If your wallet is using a third party service to interface with the Bitcoin network, you are placing trust in that third party to tell you the truth about the state of the Bitcoin system. If such a service wanted to defraud you, they could tell you that you’ve received a payment that has been confirmed, when in fact it hasn’t. That might be an acceptable risk if you’re dealing in small amounts of value. Or it might be acceptable if you have a close relationship with the third party (maybe it’s your employer or a small organization you’re a part of). But in other circumstances, it would be completely unacceptable.
At BitPay for example, we run a lot of Bitcoin nodes and we are able verify transactions without having to trust any third party. Likewise, many individuals, organizations and service providers also run their own nodes because of the value of that independence. It reduces third party risk. The more widely used and significant Bitcoin becomes, the more people and companies will have a need to perform their own, independent transaction verification.
A Fee Market Already Exists
The Bitcoin block size limit that Satoshi set back in 2010 was a stop gap measure intended to prevent a trivial denial of service attack. It was not intended to create an arbitrary and artificial scarcity for space in the block chain. At 1mb, this limit was well above the market demand for transaction volume at the time and allowed a proper transaction fee market to develop.
Miners already have plenty of disincentive for including transactions in a block. Each additional transaction included in a block increases the risk that the block might be orphaned. Therefore, miners will prefer to only include transactions that provide enough fee revenue to offset the increased orphan risk.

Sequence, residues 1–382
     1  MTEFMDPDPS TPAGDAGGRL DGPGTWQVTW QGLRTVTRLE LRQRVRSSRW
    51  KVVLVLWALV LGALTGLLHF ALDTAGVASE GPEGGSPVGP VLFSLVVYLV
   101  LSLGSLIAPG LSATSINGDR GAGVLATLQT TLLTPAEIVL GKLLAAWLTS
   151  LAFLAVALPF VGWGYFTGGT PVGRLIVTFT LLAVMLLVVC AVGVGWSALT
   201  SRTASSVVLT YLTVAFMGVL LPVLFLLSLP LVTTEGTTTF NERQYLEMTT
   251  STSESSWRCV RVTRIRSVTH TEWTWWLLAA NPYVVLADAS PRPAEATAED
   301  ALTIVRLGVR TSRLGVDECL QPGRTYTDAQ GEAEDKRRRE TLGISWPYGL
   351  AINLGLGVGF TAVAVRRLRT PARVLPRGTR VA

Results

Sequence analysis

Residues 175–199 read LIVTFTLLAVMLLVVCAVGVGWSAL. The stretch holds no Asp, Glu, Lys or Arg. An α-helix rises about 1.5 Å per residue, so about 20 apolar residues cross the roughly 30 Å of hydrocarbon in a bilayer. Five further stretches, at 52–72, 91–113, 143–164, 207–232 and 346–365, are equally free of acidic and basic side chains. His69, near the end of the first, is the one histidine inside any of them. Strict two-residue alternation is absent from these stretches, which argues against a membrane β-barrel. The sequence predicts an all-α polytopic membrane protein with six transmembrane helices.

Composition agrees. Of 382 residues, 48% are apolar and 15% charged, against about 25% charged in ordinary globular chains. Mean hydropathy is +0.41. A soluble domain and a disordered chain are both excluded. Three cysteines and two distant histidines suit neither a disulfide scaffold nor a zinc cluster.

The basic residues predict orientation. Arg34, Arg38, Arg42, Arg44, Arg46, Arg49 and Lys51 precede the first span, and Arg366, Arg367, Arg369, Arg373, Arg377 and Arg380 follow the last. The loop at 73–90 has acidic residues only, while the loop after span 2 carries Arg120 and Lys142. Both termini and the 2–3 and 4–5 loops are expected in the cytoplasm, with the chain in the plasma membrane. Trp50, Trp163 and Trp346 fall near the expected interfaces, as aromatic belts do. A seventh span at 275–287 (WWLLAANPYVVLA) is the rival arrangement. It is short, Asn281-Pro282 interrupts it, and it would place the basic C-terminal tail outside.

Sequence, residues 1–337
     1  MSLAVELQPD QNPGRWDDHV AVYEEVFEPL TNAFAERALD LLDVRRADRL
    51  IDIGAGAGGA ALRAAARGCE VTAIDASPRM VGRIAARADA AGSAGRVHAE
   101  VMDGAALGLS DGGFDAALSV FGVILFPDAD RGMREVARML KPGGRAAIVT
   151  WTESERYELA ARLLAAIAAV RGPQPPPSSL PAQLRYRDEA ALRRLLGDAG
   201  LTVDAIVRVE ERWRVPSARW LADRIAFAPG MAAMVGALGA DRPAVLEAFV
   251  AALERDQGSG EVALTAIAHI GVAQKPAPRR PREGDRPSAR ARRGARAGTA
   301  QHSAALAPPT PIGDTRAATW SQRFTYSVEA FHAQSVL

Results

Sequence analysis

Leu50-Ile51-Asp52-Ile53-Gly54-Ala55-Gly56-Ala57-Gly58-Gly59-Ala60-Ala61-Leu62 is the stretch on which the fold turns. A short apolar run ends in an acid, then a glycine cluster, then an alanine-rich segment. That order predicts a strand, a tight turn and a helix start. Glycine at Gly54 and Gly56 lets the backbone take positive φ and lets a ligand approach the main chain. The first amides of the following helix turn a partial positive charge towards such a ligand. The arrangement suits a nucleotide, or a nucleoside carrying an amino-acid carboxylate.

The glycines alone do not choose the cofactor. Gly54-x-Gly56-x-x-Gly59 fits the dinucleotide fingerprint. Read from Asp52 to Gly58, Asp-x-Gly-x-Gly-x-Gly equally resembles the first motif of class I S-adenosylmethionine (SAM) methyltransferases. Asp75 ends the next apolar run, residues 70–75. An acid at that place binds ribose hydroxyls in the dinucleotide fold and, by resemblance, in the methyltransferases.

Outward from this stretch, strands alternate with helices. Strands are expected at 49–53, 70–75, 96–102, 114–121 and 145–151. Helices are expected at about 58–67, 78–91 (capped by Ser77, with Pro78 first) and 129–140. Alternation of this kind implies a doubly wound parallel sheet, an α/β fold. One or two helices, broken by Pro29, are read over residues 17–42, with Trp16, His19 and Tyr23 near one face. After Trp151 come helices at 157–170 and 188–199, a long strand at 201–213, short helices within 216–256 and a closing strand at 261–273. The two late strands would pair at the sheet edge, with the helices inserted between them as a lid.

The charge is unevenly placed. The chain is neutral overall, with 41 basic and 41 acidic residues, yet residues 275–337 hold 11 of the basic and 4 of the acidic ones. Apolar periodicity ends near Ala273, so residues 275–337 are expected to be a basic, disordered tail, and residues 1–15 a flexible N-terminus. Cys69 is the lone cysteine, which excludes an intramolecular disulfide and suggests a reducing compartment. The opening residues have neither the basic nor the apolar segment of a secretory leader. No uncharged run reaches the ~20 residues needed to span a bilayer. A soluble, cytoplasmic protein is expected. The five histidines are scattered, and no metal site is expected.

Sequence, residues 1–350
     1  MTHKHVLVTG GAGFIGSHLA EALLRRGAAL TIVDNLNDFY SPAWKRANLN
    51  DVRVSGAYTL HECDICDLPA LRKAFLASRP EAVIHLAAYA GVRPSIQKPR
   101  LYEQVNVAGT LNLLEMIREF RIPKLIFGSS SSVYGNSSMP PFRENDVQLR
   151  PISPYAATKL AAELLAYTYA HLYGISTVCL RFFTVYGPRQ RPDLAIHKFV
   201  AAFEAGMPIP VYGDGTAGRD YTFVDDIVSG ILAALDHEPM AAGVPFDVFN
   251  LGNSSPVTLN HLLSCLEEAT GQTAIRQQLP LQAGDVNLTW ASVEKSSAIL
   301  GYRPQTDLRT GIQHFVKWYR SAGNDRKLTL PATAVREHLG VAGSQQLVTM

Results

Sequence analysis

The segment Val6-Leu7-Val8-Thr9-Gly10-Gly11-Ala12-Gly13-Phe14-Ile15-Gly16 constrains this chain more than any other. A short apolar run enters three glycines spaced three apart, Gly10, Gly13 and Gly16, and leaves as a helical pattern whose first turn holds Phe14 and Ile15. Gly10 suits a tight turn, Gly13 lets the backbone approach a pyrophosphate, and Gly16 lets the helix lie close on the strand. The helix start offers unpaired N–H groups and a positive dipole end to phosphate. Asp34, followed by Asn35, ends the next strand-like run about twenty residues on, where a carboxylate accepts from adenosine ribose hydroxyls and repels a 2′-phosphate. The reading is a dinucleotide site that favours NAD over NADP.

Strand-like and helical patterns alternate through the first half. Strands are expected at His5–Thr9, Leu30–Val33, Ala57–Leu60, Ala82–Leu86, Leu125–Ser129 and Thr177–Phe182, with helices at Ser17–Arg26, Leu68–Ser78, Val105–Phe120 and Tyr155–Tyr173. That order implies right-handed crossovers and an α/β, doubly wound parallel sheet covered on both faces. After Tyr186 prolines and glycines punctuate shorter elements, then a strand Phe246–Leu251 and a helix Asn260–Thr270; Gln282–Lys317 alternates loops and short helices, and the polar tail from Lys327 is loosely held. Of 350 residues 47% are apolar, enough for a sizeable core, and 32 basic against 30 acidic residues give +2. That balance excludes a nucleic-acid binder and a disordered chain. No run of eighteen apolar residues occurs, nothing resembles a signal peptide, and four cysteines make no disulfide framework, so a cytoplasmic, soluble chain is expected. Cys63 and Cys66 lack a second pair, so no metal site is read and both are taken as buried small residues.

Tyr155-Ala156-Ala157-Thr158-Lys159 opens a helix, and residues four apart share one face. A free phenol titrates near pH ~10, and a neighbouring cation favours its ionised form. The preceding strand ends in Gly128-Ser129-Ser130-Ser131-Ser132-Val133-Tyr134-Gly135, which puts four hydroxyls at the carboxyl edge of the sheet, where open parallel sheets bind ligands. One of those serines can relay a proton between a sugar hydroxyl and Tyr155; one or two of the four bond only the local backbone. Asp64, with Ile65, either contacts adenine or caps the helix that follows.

Today, the demand for transactions is bumping up against this artificial limit and is impairing the proper functioning of the Bitcoin network. As a result of this artificial scarcity, miners are being forced to only include transactions with artificially high fees. Eventually, Bitcoin transactions will be priced out of the market and alternative cryptocurrencies (or perhaps a fork of the Bitcoin block chain) will take market share. The transaction fee market is alive and well. If Bitcoin fails to deliver a product people want at a price they find attractive, there are many other options.
The Market for Bitcoin Scalability Enhancements
If the block size limit was a consensus rule that was allowed to adjust with the market demand, miners could process increasingly larger volumes of transactions to meet the demand. Eventually they would bump up against the limits of the current Bitcoin implementations and incur increasing costs as a larger percentage of their blocks end up as orphans. Miners would constrain the size of their blocks while developers work to improve scalability and performance. The increasing demand from users would provide the resources and incentive needed to invest in new technology to improve the scalability of Bitcoin.
Continue Reading: A Simple, Adaptive Block Size Limit